Art in the press

A Journey Through New Beginnings by Maymanah Farhat

Iraqi-American artist Leila Kubba's latest series New Beginnings was inspired by a recent visit to her native Iraq after a twenty-year absence. 

Through New Beginnings, Kubba explores the Iraq she once knew and the difficulty of facing the dramatic changes that have been unfolding since the 2003 American invasion. Kubba's work addresses the complexities of war and occupation. Her paintings serve as testimonies to the devastation of war and communicate the vulnerability and chaos felt by Iraqis today.

Though the issues Kubba addresses are tragic, she offers her viewers a sense of hope and inspiration through the strength of her figures. When asked about the inspiration for New Beginnings Kubba said, "When I came back from Iraq, I thought about the impressions that I had and what I would paint about. Of course the first thing was the difficulty of the war, and the chaos that I saw, mixed with all the emotions of returning and seeing many of my friends and family. I thought of the beautiful date trees that were so fragile and yet so resilient, they were still standing there in spite of all the horrors of the war. The women that I saw there were just like that too, fragile and yet so resilient. These thoughts were the inspiration for this group of paintings".


Kubba's techinique of creating multiple layers with vibrant colors, various textures and mediums creates works that are multidimensional in composition and concept. When asked about her motivations for using such methods she said, "I use texture as part of my painting expression. I always start a painting with laying the groundwork of putting differing textures; in this way I am creating a history to the canvas. Before applying the colors I approach the painting as a piece of sculpture or a relief, and I layer with different colored glazes, to see the different effect of these glazes on the varying surfaces, also to give a sense of depth. In this way I like to give the feeling that the viewer can't see the whole painting at the first look, there are hidden parts that start to show the more you look at it".

The history and current political situation of Iraq are articulated through the use of bold figures and symbolic representations of its great past. When asked about the constant presence of women in the paintings of New Beginnings Kubba said, "I did not choose the women in the Abayas; they seem to have chosen me! They imposed themselves into these recent paintings. After I came back from Iraq I started with painting the date trees and continuing with my previous themes of Sumerian mythologies, but the power of these women who have had to bear so much started to appear and their powerful dark forms took over some of the paintings. The darkness of the Abayas contrasts with the unveiled life around them".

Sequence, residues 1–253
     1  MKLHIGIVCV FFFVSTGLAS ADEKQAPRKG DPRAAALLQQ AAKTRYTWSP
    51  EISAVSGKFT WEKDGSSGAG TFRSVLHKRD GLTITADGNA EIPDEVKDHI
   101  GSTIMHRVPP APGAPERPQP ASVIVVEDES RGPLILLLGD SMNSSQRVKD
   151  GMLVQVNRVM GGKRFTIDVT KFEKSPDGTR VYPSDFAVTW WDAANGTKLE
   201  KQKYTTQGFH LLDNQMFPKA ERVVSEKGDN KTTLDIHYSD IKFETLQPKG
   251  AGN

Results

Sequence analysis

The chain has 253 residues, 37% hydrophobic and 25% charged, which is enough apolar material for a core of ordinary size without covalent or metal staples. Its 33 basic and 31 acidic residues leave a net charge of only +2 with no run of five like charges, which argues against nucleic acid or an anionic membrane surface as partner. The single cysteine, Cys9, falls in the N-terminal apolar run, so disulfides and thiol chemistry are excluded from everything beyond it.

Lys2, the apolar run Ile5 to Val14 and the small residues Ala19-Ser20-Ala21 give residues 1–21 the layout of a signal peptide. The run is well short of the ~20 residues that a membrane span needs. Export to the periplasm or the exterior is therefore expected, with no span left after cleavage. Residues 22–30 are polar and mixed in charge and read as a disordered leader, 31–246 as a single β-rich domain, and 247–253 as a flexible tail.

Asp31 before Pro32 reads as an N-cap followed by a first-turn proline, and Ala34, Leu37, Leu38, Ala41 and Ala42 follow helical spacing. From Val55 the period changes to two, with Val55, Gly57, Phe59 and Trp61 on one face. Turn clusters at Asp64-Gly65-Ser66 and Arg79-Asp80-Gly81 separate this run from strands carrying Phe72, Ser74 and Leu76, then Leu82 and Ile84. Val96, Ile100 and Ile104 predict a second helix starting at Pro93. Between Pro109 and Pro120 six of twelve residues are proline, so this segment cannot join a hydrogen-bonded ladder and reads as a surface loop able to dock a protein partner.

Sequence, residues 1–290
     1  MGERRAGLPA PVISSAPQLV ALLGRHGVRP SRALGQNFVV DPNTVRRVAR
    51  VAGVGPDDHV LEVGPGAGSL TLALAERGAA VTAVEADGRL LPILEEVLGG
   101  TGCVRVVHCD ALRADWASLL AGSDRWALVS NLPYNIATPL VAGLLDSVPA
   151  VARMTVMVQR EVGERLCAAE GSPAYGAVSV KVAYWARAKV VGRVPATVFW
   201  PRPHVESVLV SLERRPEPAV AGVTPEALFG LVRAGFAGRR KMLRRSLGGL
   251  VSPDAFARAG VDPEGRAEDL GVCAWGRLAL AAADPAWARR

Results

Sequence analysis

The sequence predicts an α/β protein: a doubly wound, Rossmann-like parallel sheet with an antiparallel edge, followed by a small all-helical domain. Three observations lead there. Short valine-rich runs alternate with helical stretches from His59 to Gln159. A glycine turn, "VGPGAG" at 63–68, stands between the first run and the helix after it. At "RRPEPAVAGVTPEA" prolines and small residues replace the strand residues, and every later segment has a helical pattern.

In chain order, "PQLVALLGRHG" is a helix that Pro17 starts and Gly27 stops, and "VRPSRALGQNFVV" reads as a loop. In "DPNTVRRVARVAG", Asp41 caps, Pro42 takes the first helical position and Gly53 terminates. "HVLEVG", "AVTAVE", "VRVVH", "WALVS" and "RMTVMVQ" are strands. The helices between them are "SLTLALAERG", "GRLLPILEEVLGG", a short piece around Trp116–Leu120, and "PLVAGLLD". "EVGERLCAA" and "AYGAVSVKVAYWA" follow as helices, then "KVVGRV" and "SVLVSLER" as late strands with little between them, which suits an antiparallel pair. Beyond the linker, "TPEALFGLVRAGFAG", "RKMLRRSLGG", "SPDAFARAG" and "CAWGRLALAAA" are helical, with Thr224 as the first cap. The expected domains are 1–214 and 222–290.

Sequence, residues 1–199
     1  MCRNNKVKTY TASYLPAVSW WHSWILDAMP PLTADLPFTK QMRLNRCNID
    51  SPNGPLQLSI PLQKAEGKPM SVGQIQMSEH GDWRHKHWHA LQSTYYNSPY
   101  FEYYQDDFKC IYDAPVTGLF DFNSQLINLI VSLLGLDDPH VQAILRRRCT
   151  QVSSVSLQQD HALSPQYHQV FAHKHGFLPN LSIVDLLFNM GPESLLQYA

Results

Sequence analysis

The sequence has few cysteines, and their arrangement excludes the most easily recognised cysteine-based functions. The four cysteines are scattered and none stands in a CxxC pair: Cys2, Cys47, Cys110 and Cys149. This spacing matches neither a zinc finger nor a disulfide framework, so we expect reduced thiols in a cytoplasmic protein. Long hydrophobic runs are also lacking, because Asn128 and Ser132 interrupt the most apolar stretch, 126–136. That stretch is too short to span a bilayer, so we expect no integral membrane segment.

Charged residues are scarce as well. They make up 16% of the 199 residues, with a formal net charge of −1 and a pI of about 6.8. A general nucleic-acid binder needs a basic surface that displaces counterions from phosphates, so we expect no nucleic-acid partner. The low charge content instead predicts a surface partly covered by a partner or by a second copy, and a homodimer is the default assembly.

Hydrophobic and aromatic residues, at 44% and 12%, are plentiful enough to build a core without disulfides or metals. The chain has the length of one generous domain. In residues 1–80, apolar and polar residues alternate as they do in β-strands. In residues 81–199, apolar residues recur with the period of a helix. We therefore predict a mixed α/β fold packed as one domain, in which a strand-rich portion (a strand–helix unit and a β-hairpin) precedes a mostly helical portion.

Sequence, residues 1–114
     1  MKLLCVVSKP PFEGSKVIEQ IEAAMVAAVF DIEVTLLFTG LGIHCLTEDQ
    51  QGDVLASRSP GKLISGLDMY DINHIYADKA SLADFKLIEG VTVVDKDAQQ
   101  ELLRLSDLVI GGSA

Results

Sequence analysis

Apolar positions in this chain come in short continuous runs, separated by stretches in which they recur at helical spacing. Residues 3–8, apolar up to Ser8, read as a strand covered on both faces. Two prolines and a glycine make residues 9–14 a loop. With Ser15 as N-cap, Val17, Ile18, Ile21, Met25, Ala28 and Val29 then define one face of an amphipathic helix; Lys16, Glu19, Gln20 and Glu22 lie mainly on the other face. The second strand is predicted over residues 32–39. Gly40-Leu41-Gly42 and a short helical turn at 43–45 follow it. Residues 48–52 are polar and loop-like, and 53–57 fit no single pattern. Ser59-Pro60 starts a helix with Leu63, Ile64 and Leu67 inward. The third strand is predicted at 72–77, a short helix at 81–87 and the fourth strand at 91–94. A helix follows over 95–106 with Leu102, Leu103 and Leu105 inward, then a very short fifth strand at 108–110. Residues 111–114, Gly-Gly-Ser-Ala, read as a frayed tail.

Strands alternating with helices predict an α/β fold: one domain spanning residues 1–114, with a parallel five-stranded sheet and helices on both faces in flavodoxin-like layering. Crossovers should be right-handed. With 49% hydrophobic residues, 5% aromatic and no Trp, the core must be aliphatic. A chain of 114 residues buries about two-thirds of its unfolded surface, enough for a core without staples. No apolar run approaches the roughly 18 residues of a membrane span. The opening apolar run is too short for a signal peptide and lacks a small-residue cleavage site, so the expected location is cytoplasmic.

Some viewers have focused attention on Kubba's dark figures of Iraqi women dressed in long black garbs. Such figures are often interpreted, as a direct comment on the so-called oppression of women in the Middle East. When asked about such interpretations Kubba affirmed, "In these paintings I did not mean to focus on the oppression of women, these women are just trying to survive and feed their families, deal with death and war, oppression in these circumstances is not the top priority. Surviving is their priority…The West has a narrow and simplistic view of the role of women; I don't want to see that role from this point of view. I want to feel with the women who are dealing with their problems and are not thinking that they are oppressed, especially now in Iraq…These women that I have painted are intelligent women with strong features and the Abaya is what they happen to wear. Men and women are being killed in the dozens every day, that is more important at this time than anything else."

Kubba's work delves into a world that few of us can comprehend. Pandemonium is contrasted with beauty and depth. New Beginnings intrigues the viewer with the power of a people, culture and history trying to survive.

Maymanah Farhat